Excess Margin Deposit

What Is an Excess Margin Deposit?

An excess margin deposit is the collateral held in a margin account that is in excess of the minimum level required to maintain that account's good standing. Margin traders who fail to maintain excess margin deposits may find themselves subject to margin calls.

Key Takeaways

  • In margin trading, the excess margin deposit is the difference between the current value of an account and its minimum maintenance requirement.
  • If the excess margin deposit drops below zero, the margin trader may be at risk of a margin call.
  • Regulations prescribe minimum standards for the equity levels required in margin accounts. However, individual brokerage firms are free to impose more rigorous standards.
  • The Financial Industry Regulatory Authority (FINRA) regulates margin requirements.
  • The initial margin minimum is 50% of the trade.

Understanding Excess Margin Deposits

In the United States, Regulation T of the Federal Reserve governs the initial deposits necessary to establish a margin trading account. Similarly, the Financial Industry Regulatory Authority (FINRA) is responsible for regulating margin maintenance requirements, which are the minimum levels of collateral required in margin accounts. The value of collateral in a margin trading account that exceeds these regulatory requirements is known as the account's excess margin deposit.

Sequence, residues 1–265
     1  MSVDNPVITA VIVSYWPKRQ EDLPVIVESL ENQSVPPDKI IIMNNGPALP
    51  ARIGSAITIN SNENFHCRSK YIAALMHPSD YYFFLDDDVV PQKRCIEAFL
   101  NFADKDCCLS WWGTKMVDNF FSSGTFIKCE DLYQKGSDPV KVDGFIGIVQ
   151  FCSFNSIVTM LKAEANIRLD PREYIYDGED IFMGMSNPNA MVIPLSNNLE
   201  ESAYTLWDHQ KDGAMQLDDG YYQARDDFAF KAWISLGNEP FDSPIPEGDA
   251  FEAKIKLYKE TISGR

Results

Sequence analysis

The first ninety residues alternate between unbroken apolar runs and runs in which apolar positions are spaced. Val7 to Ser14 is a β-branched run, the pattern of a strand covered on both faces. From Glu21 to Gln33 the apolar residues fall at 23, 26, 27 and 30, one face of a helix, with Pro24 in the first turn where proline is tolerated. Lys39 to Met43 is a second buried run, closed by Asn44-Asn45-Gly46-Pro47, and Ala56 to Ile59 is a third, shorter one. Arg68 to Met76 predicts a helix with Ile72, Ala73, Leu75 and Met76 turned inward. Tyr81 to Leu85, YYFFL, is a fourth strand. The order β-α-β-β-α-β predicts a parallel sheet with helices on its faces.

According to Regulation T, a margin trader is able to borrow up to 50% of the purchase price of a stock, provided that that stock is itself eligible for trading on margin. Some stocks, such as securities with very small market capitalizations, may be barred from margin trading altogether.

This 50% level is known as the initial margin. However, individual brokerage firms have the discretion to adjust this rule provided their own standards are more stringent than those of Regulation T. For example, a broker would be permitted to employ 70% as their initial margin, but they would not be allowed to use a more aggressive standard, such as 30%.